infants die within their first year of life, the infant mortality rate (IMR) is on the rise again after years of decline. The province, however,
has responded quickly to this crisis.
As of July 1997, the Ministry of Public Health
(MOPH) has been offering
through Phayao's seven public hospitals a short regimen of zidovudine (ZDV)
to all consenting HIV-infected women to prevent mother-to-child transmission (MCT). The overall ZDV prophylaxis coverage for the province reached 68%
of all HIV+ pregnant women in the fourth quarter of 1997, either through
the MOPH program or through the North Thailand Perinatal HIV Prevention
Trial (NTPHPT), the parallel clinical trial conducted by the MOPH and the
Ministry of Universities. Analysis of the data collected throughout the
province show excellent compliance with the intervention (around 90%).
This coverage was achieved at an additional cost of $0.13 (US) per capita
per year, affordable even in the context of the economic crisis, and represents
less than one percent of public health expenditures in Thailand. The cost
per Disability Adjusted Life Years (DALY) saved is approximately $35 (US),
making it a highly cost-effective intervention.
In less than a year, the MOPH implemented this program on a large scale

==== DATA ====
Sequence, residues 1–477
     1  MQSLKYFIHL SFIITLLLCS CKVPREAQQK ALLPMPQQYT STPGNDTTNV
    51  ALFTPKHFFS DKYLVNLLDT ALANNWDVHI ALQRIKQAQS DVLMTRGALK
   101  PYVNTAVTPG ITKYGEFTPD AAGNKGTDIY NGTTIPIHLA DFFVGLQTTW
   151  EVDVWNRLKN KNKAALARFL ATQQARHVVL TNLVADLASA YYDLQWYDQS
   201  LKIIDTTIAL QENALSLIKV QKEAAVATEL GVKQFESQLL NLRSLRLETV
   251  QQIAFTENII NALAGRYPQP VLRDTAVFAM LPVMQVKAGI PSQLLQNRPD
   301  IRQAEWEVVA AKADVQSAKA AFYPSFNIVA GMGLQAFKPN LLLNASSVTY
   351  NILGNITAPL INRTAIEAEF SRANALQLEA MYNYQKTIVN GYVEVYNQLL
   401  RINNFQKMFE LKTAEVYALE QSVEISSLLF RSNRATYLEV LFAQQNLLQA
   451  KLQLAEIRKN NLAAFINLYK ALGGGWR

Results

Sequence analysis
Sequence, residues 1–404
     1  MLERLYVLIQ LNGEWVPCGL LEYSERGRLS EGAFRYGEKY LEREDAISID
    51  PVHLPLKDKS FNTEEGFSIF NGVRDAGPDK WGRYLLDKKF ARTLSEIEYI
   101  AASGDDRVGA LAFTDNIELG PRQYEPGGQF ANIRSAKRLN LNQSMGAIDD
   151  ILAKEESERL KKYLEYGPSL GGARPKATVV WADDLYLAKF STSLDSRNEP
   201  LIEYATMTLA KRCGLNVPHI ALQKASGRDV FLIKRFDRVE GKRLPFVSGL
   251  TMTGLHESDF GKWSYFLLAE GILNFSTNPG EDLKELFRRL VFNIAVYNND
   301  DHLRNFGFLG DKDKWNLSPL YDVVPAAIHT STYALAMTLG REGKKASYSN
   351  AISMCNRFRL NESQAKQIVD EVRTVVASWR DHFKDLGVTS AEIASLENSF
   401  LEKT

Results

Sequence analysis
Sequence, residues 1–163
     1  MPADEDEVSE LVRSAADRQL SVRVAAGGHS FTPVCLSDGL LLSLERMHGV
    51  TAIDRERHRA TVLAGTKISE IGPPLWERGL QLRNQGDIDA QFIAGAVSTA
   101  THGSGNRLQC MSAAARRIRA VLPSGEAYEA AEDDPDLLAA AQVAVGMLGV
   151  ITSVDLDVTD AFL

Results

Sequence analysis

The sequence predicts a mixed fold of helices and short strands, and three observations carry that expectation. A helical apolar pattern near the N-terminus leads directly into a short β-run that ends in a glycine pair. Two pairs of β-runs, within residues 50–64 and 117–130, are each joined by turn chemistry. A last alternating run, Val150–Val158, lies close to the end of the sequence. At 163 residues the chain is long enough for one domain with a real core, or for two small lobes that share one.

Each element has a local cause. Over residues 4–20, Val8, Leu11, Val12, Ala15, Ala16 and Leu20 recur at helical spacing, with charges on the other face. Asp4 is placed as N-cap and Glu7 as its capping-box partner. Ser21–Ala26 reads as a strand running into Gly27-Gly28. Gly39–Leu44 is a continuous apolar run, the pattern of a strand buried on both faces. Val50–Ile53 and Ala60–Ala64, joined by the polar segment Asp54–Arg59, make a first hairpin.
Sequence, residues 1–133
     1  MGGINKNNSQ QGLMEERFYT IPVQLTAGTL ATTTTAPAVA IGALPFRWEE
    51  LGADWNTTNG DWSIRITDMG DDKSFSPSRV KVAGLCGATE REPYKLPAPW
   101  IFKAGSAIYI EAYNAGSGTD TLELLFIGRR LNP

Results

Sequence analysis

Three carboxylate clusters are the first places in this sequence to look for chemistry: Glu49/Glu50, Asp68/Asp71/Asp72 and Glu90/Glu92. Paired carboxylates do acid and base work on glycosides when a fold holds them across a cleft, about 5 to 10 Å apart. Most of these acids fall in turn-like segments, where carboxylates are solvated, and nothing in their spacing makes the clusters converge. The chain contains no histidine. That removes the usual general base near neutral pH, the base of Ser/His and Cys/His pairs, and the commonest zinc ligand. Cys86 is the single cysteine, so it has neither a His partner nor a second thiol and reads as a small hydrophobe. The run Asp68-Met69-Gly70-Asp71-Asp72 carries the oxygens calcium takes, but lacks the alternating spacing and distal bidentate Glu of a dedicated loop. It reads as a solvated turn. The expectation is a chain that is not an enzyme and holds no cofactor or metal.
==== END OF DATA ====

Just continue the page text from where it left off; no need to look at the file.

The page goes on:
in this relatively poor province, with limited external support. Women
receive pretest counseling at their first prenatal visit, are offered HIV
testing and, if they accept, return for posttest counseling two weeks later.
In the case of a positive test result, a confirmation test is performed
at the provincial hospital. These identified HIV-infected women are offered
zidovudine (ZDV), beginning at the 34th week of pregnancy.
Before starting treatment, the women's hemoglobin, CBC and platelets
are measured. Infants begin taking oral ZDV shortly after birth and continue
until they are one week old.
Subsequently, health centers regularly follow the infants, and volunteers
provide case management of childhood illness, nutrition problem solving,
childhood immunizations and home visits. Mothers feed the infants breastmilk
substitutes, and women with insufficient income receive the substitutes
free of charge.
The northern Thailand experience provides important insights regarding
the feasibility of large scale interventions to prevent perinatal HIV,
such as the need for the reorganization of the delivery of health care.
It also shows the necessity of quality counseling to ensure the success
of the intervention. On the basis of this experience, a simplified schedule
of three key intervention phases (Screen, Treat and Care), which can be
incorporated into routine mother and child health care, is proposed.
Follow-up of the child, however, will require more frequent and intensive
contact with health care services than usual. In order to facilitate the
successful and sustainable operation of this approach in other contexts,
this paper delineates the key conditions that will help ensure that the
intervention is effective, efficient and financially viable.
It proposes an analytical framework to detect frequent implementation
problems and provides examples of likely causes. Many of the problems are
common to all three phases.
The health care reforms underway in many countries provide an excellent
opportunity to address these issues.